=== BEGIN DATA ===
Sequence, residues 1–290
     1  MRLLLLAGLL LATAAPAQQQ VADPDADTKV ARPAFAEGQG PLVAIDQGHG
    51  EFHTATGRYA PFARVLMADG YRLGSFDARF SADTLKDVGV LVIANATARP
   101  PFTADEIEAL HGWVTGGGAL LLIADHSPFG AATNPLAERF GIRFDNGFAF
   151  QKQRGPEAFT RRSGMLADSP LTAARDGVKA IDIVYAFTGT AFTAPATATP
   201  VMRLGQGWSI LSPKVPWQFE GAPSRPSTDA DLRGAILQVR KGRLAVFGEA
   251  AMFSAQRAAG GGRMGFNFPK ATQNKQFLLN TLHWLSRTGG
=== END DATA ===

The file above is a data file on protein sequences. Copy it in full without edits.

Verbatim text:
Sequence, residues 1–290
     1  MRLLLLAGLL LATAAPAQQQ VADPDADTKV ARPAFAEGQG PLVAIDQGHG
    51  EFHTATGRYA PFARVLMADG YRLGSFDARF SADTLKDVGV LVIANATARP
   101  PFTADEIEAL HGWVTGGGAL LLIADHSPFG AATNPLAERF GIRFDNGFAF
   151  QKQRGPEAFT RRSGMLADSP LTAARDGVKA IDIVYAFTGT AFTAPATATP
   201  VMRLGQGWSI LSPKVPWQFE GAPSRPSTDA DLRGAILQVR KGRLAVFGEA
   251  AMFSAQRAAG GGRMGFNFPK ATQNKQFLLN TLHWLSRTGG